Genesis Reviews

Virtua Racing

Genre: Racing Developer: AM2 Publisher: Sega Enterprises Players: 1-2 Released: 1994

Virtua Racing for Genesis takes us way back to the spring of 1994. The Sega Saturn has been launched in Japan and Virtua Fighter and Virtua Racing games have all of a sudden made the word “polygon” a household term and enhanced all the buzz about the “future of video games.” But Sega can’t help but keep tinkering with the Sega Genesis technology, always trying to maintain its existence and flex its potential while still doing something exciting with it that makes everyone say, “Wow, I can’t believe the Genesis can do THAT!” So, we have the now five-year-old Genesis taking on the impossible: porting a 32-bit game onto a 16-bit console. Although the Virtua Racing task seemed like a great way to get the new age polygonal racer onto your old system without having to pay a huge price for next-gen hardware, the result hampered sales because of many problems.

The Virtua Racing Genesis project was very exciting for SEGA, considering it would be the first game to make use of its new SVP microchip technology, which created spectacular 3D polygon graphics and provided faster speed in games when used together with the Motorola 68000 CPU at the heart of the Genesis itself. Included in every Virtua Racing cartridge was the program motherboard and one SVP chip. Unfortunately the cost of a new game combined with the value of the SVP chip forced SEGA to price the game at a minimum of $99. The price tag certainly turned off a lot of customers from getting Virtua Racing right away, but SEGA urged people to take part in this “history in the making” because the game was supposed to be incredible.

By today’s standards, the graphics have aged horribly, but even back then, they were certainly mediocre at best. The polygon visuals do move at a remarkably acceptable speed, but the limited color palette of the Genesis creates many low-hue pixelated textures, so the polygons are incredibly choppy. Also, the pop-up of polygons is so disappointing that whatever is up ahead doesn’t load up until you’re VERY close to it, making it very confusing sometimes to see what’s coming up, and making playing from the “driver seat” view virtually impossible.

Even worse, the bad color palette and the misshapen polygons make it very difficult to see other drone racers on the road. Some blue-colored cars completely blend in with the dark road, and I don’t have to tell you how angry it makes you to bump into a car, since it makes your vehicle come to a grinding halt and slowly spin around, allowing every car to pass you up. I mean really, the very laws of physics are incorrect in Virtua Racing.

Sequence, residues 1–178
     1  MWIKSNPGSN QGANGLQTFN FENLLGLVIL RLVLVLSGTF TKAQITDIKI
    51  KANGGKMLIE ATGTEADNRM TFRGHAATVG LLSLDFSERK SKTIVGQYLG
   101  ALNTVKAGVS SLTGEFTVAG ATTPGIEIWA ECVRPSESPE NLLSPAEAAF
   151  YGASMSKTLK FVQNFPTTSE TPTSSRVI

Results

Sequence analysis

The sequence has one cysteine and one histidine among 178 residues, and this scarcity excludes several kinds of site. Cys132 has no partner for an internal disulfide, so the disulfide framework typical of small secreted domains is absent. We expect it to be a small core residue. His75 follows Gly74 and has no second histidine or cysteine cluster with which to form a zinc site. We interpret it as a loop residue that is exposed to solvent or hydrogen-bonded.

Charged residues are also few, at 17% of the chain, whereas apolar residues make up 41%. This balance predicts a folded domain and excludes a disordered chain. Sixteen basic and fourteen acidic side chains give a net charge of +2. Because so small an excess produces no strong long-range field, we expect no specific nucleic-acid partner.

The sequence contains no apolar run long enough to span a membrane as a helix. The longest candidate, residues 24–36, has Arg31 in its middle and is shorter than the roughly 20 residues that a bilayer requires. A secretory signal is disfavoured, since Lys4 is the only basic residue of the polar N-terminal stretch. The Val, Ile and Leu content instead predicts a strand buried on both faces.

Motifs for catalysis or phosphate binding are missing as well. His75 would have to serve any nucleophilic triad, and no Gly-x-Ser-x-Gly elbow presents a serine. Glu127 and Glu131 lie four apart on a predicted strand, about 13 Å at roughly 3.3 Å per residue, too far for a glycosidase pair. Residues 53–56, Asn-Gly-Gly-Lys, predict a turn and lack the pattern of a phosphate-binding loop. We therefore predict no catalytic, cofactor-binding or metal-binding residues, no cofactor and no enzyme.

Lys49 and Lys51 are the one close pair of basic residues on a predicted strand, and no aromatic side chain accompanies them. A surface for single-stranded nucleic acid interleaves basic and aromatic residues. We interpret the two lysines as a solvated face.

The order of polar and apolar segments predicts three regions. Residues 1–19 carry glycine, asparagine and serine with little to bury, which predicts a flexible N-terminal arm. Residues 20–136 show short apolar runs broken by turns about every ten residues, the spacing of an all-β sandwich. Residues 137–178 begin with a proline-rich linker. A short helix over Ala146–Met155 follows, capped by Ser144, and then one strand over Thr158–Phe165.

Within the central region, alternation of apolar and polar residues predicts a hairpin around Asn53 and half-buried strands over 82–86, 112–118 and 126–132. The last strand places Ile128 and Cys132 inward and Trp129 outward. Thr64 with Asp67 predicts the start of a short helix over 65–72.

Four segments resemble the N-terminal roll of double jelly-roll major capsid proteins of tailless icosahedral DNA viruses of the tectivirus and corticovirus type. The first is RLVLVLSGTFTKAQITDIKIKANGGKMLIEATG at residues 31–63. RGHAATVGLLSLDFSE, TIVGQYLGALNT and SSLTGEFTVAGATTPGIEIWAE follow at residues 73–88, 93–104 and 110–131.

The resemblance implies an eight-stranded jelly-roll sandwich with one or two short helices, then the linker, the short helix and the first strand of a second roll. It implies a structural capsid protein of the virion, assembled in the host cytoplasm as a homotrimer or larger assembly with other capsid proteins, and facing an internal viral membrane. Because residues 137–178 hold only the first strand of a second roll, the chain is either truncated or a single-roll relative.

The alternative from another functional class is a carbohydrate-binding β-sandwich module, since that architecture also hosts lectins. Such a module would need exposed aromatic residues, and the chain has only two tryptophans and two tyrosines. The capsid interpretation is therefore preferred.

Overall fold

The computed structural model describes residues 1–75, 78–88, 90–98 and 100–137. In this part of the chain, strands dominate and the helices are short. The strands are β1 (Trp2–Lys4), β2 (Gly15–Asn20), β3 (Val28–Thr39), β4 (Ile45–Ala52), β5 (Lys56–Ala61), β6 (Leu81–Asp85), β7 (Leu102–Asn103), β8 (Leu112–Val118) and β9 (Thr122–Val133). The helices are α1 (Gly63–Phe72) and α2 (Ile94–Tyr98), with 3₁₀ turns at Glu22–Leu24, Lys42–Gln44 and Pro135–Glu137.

The four viewpoints, brakes, and acceleration are all the same as the Saturn and 32X versions and work just as responsive and precise as you’d hope for. Steering the formula car is very hard to do at high speeds (but then again, that’s the deal with Virtua Racing on any system); however, once you can manage to get to know the tracks and get used to the somewhat bad graphics, the game can become somewhat enjoyable.

If you look at the later version of this game for the 32X, they added two extra tracks, two extra cars, some new music, and a special two-player mode. The Genesis, sadly, only has the original three tracks, and a time attack mode to race against the clock. Playing this game in the arcades, it’s easy to see that it was designed for casual gamers standing in an arcade to pass some time, but for a home game, three levels is pretty abysmal.

The Genesis graphics come off as ragged, but pretty decent for the aging system. With that in mind, I was apprehensive to see what the two-player split-screen mode would move like. But remarkably, it doesn’t feel any slower and is just as playable as the single player version. You will notice, however, that various polygon extras like the ferris wheel, see-saw, bleachers, and some trees have been removed from the courses to make it run smoother without slowing down. You don’t really miss them though since they weren’t so pretty anyway.

Virtua Racing was a great idea on paper, but all in all, I don’t think it was executed with any long-term success in mind. It was way too costly to create, the graphics were not very impressive, and they didn’t really add anything special to this version. In the end, the shortcomings of the Genesis just took away the speed, the color, and the sheer fun of this classic arcade game. I have to say, I’ve seen SEGA perform miracles in the past, but with this one, I was let down a bit.

Having said that, however, it is fair to say that this did look fairly good for its time and it’s clear that Starfox for SNES was what Virtua Racing was trying to counter. The Genesis certainly didn’t have a plethora of great racing games before this, and it does blow away most of the clunkers of the system’s past. Seeing as how it is playable and considered a piece of Genesis history, I wouldn’t advise against buying it, since it’s also quite cheap out there on eBay. Nonetheless, I do stress the irrefutable fact that the 32X version is far superior.

SCORE: 7 out of 10


One Comment

  1. Agreed, as I had both versions too; the 32x version blows this one out of the water but I do like seeing this run on the Megadrive and the fact that used its currently around ten dollars, and I like to see that comical depreciation of the monetary that is so evident in the technology age of the last two decades.

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